Protesters opposing pandemic restrictions and compulsory jabs have continued to occupy a vital Canada-US trade corridor despite a court ruling that the blockade must end.
Increasingy on the defensive as the protests continue to grow and even members of his party join the ranks of critics, Canadian Prime Minister Justin Trudeau has promised US President Joe Biden quick action to end the crisis.
Earlier on Friday a Canadian judge ordered an end to the four-day blockade of the Ambassador Bridge, North America’s busiest land-border crossing which accounts for a quarter of all trade between the North American neighbours.
That order came into effect at 7pm local time but more two than hours after the deadline, about 200 protesters, including children, milled around the entrance to the bridge, waving Canadian flags while others set off fireworks.
Police, who started to gather in a parking lot a few blocks away from the protesters, began handing out pamphlets that outlined penalties under Ontario’s emergency order, which takes effect at midnight.
‘No action off the table’
Trudeau earlier told reporters that no action was off the table.
Companies have diverted cargo to stem losses amid production cuts by manufacturers including Ford.
Superior Court Justice Geoffrey Morawetz on Friday approved the request by auto industry associations and Windsor city authorities hoping to end the protests.
Occupying access roads leading to the bridge on Friday, protesters voiced defiance and there was little sign of them backing down.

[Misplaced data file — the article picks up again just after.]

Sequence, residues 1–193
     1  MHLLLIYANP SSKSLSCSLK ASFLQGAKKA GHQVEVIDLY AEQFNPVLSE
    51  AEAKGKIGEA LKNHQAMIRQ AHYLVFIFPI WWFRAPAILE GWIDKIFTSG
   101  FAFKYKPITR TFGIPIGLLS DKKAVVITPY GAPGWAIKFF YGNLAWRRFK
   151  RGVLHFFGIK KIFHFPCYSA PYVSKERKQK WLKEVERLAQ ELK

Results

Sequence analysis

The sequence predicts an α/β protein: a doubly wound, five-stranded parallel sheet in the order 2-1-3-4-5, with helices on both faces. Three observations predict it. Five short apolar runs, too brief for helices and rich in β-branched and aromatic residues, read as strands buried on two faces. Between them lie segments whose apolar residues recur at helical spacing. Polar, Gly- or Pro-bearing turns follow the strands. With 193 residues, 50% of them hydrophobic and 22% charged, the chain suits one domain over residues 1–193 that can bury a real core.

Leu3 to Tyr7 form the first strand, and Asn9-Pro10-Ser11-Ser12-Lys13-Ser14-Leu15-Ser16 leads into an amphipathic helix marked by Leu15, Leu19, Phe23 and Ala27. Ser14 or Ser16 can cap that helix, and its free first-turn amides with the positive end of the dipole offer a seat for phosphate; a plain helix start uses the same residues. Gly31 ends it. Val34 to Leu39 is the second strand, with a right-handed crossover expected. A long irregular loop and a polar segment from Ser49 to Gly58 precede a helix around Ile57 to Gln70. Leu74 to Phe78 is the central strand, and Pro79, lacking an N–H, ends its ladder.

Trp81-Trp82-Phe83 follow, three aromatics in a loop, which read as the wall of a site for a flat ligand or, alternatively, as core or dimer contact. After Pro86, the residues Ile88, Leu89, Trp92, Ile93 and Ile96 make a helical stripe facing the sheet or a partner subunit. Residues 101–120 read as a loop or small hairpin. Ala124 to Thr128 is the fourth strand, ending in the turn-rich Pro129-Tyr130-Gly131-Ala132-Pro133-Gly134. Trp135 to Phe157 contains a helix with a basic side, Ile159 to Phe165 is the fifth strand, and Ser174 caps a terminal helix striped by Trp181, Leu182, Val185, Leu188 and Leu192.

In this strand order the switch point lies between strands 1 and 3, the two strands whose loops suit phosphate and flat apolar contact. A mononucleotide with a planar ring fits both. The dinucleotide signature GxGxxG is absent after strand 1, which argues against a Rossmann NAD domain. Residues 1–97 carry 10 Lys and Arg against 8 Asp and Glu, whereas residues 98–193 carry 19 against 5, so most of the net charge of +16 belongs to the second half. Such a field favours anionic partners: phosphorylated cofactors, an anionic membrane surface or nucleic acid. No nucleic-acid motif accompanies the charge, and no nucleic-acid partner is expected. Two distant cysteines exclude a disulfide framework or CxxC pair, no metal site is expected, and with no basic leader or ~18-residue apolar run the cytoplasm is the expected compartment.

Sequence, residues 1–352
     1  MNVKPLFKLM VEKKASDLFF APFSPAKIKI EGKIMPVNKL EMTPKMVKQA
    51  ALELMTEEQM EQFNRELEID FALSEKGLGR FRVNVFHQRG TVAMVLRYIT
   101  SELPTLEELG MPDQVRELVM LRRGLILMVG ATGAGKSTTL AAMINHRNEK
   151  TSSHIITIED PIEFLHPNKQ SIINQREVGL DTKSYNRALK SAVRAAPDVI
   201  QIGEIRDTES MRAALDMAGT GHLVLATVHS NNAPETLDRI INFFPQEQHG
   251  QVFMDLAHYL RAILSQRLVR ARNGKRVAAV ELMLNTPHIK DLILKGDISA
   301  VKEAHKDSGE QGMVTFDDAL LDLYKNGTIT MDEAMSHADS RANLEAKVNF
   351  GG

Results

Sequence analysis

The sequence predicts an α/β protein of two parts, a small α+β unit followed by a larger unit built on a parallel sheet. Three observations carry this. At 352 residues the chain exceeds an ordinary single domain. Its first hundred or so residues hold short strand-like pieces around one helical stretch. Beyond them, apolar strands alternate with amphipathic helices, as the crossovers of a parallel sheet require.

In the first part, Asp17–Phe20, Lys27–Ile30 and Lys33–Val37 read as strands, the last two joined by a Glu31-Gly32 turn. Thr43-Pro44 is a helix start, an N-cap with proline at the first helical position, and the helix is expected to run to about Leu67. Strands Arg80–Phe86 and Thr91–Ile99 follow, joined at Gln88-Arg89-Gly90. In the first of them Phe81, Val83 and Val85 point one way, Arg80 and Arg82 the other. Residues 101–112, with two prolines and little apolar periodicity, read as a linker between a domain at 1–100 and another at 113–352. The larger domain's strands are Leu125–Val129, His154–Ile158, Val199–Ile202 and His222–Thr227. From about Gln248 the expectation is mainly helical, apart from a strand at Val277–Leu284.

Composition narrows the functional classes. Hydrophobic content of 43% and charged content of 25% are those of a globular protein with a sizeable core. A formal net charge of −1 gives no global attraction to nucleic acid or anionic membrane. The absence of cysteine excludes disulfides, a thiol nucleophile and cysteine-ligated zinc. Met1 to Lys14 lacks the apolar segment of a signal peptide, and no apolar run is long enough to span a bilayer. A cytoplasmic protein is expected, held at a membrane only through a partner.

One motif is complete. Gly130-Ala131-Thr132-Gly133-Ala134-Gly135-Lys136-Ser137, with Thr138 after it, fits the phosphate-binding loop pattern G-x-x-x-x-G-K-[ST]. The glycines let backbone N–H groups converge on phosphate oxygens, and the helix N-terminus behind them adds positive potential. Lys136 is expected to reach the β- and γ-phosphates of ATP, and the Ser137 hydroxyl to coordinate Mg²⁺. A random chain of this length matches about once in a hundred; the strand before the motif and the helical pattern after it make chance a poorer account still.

“Canada is supposed to be a free country,” said Liz Vallee, a protester from Chatham, Ontario. “When that freedom is threatened, we must stand up.”
Vallee said she and others would stay until all pandemic mandates are lifted.
The “Freedom Convoy” protests, started by Canadian truck drivers – and now being copied around the world, including in Canberra – opposing a vaccinate-or-quarantine mandate for cross-border drivers, are also occupying areas outside government buildings in the capital city of Ottawa and have blocked two smaller US crossings.
In the US, the Department of Homeland Security is working to ensure that a “Freedom Convoy” event due in early March in Washington DC “does not disrupt lawful trade”.
Adding to earlier calls for action by US officials and business leaders, Biden expressed concerns over auto plant closures and production slowdowns during a phone call with Trudeau, the White House said in a statement.
‘Significant direct impacts’
“The two leaders agreed that the actions of the individuals who are obstructing travel and commerce between our two countries are having significant direct impacts on citizens’ lives and livelihoods,” the statement said.
“The Prime Minister promised quick action in enforcing the law, and the President thanked him for the steps he and other Canadian authorities are taking to restore the open passage of bridges to the United States,” it added.
Trudeau told reporters that he agreed with Biden that the blockades cannot continue.
“Everything is on the table because this unlawful activity has to end and it will end,” Trudeau said.
Biden’s administration had urged Canada to use federal powers to ease the Ambassador Bridge blockade, a step Trudeau’s government has not taken. Trudeau said on Friday his government was not seriously contemplating calling in the military over the protests.